In search of a professional services vendor for an upcoming project? From audio engineering to wedding planning, LinkedIn has a handy Profinder service where you can post your job specs and receive proposals from experienced providers.
A great many of these fall into the creative services category — copywriting, lead gen, graphic design, social media marketing.
As a company that’s often on the receiving end of these RFPs for copywriting, we’ll let you in on a dirty little secret: the information they ask you to provide about your project needs is woefully inadequate. Time and again, we’ll gleefully open an email notification (because really, who doesn’t like inbound leads?) only to mutter to ourselves, “How in holy hell can we be expected to quote this?”
So if you’re one of the people expecting an on-target proposal, this is why you’re getting crappy off-base responses or barraged with requests for additional information.
What copywriters really need to know to ballpark a price
Like every service provider, time is our currency — we estimate projects based on how long we expect the assignment to complete. So that means the volume and quality of existing source material are critical.
Here are three questions we ask prior to preparing an estimate so it’s as detailed and accurate as possible:
Does written source material exist, such as product spec sheets, web content, presentation decks or other relevant content? Or will we be interviewing your management team, product engineers, clients or other stakeholders for the majority of the information we need?
Does your company have existing brand voice guidelines and a style guide? This helps us “get into character” and write copy that’s consistent in tone with any existing content, while also adhering to stylistic preferences such as abbreviations (US vs U.S.), capitalization (sentence or title case in headlines and subheads), use of serial commas and other mechanics.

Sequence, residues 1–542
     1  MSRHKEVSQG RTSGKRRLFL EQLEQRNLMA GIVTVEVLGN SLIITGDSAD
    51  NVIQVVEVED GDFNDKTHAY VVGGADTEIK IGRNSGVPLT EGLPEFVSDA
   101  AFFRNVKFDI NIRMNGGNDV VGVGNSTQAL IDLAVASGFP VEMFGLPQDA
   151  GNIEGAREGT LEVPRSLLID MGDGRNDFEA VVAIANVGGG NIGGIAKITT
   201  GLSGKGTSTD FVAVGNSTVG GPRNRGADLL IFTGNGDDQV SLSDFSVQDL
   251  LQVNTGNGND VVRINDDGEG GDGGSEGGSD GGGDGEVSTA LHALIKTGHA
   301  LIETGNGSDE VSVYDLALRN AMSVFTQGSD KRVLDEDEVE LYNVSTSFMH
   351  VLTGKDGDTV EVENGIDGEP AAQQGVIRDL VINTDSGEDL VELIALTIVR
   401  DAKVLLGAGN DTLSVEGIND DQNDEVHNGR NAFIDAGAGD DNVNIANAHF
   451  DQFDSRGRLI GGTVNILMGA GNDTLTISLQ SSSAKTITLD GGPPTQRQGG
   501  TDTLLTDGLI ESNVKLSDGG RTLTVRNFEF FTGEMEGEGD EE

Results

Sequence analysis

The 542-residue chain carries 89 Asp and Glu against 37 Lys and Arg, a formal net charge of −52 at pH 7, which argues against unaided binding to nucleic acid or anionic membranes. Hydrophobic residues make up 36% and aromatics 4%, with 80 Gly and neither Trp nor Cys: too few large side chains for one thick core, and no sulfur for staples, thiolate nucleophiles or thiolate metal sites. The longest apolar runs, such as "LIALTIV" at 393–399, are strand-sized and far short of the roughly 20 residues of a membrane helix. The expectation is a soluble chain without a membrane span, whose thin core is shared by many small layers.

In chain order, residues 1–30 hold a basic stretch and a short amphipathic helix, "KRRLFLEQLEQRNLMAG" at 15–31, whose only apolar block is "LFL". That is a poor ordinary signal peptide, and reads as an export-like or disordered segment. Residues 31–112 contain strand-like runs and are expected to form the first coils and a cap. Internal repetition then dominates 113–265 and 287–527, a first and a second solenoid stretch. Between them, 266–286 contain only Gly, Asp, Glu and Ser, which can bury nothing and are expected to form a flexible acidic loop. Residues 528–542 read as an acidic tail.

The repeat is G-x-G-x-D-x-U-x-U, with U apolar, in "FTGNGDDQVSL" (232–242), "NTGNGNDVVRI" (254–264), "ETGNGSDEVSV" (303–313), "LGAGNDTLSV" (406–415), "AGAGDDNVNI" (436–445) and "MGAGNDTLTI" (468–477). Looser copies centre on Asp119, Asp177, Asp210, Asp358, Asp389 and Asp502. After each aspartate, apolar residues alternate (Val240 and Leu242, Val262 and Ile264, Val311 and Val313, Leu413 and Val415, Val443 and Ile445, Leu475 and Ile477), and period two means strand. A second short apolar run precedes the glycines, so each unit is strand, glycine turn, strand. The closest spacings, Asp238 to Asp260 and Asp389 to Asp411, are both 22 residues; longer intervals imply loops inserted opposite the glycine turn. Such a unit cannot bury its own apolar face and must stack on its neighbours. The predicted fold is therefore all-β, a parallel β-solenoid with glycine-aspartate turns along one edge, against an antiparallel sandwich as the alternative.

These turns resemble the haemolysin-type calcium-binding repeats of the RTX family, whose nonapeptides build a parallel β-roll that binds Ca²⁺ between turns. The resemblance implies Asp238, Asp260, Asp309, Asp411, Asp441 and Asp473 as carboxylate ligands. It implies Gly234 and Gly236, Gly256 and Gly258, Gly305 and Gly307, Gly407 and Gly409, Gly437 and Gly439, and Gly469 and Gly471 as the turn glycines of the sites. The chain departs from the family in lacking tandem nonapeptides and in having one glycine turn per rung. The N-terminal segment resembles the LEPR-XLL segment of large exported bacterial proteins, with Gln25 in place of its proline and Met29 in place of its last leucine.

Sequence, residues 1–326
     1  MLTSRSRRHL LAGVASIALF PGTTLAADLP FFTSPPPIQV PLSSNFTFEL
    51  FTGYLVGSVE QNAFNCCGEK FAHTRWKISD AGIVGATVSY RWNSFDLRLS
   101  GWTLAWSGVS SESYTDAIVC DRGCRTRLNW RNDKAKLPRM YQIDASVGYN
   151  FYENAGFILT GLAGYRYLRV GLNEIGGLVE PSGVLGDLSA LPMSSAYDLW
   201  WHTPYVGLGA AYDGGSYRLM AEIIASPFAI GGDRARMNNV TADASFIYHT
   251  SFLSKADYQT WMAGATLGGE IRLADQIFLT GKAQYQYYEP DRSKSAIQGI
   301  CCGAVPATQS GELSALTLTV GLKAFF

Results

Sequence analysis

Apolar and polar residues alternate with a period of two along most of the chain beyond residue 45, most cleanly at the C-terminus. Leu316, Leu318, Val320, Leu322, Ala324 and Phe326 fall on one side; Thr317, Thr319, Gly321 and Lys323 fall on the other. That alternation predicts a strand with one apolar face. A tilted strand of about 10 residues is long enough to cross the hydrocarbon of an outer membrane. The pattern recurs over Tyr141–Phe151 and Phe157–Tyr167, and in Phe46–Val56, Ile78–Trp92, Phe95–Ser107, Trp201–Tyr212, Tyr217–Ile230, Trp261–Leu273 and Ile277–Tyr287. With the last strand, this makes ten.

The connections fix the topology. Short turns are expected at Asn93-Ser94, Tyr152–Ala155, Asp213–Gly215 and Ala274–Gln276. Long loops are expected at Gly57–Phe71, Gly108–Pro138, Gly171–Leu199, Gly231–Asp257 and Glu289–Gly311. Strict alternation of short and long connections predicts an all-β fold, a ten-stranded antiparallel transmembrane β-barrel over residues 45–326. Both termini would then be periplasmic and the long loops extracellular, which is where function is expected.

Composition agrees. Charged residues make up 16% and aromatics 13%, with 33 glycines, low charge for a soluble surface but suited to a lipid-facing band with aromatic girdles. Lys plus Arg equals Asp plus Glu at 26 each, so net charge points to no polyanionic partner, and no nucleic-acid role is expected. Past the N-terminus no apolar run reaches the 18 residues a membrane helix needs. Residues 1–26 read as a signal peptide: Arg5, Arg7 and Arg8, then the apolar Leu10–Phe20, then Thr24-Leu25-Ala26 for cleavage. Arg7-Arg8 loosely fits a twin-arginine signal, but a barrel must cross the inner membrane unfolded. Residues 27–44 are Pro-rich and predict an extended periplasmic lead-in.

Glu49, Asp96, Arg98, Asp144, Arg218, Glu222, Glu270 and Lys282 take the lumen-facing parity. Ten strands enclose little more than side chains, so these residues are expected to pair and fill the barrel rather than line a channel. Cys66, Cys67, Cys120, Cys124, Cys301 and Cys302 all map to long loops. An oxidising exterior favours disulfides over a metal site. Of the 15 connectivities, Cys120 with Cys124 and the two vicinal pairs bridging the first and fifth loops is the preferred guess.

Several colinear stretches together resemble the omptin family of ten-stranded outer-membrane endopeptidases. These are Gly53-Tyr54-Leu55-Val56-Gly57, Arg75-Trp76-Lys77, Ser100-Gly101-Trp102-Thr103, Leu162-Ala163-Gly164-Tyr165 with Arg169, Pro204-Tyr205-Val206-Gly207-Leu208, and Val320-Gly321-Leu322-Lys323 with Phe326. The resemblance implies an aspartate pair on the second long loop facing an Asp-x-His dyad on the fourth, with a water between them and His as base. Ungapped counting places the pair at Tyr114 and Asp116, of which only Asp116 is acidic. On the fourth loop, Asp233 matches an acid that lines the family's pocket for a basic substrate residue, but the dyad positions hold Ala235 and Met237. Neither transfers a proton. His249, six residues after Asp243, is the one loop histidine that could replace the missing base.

How do you prefer to provide feedback? Some clients love the “track changes” feature in Microsoft Word, while others prefer marking up a hard copy old-school and sending us a scan of it. A third group finds it more productive to talk through their feedback via Zoom or phone. Copywriting is a collaborative process, so we like to understand how you work most productively from the start of the project.
Other considerations for a successful copywriting outcome
Timing for feedback — When we build out a production schedule, we want to make sure we’re building in sufficient review time for the client in order to meet their project deadline. It’s helpful to know how many people will be reviewing copy drafts, and how long they’ll need to provide input. In addition, let your copywriter know if reviewers will be submitting feedback individually or whether someone on your team will consolidate suggested edits into a single document for us.
Copy samples — If you’ve completed a similar project in the past, samples are always helpful to a copywriter. For example, “keep the email copy short” is very subjective direction, so samples of what you consider short are extremely helpful. In addition, if your company doesn’t have established brand voice guidelines, consider providing the writer with links to copy that represents the tone you’re looking to achieve.
Candor — Copywriters by nature ask LOTS of questions. We’re not probing to be nosy or uncover scandals for TMZ; we just want to deliver kick-ass content that performs for you. So don’t hesitate to discuss product limitations, operational challenges or other perceived negatives. We may be able to help you get out ahead of an issue, better control the narrative or find a creative hook to turn an issue into a competitive advantage.
Honesty is the best policy in any relationship, and your copywriting relationship is no exception
Experienced copywriters are used to signing NDAs, so don’t hesitate to ask. By being upfront about timing, feedback and source materials, you’ll get more accurate project estimates and a smoother creative process.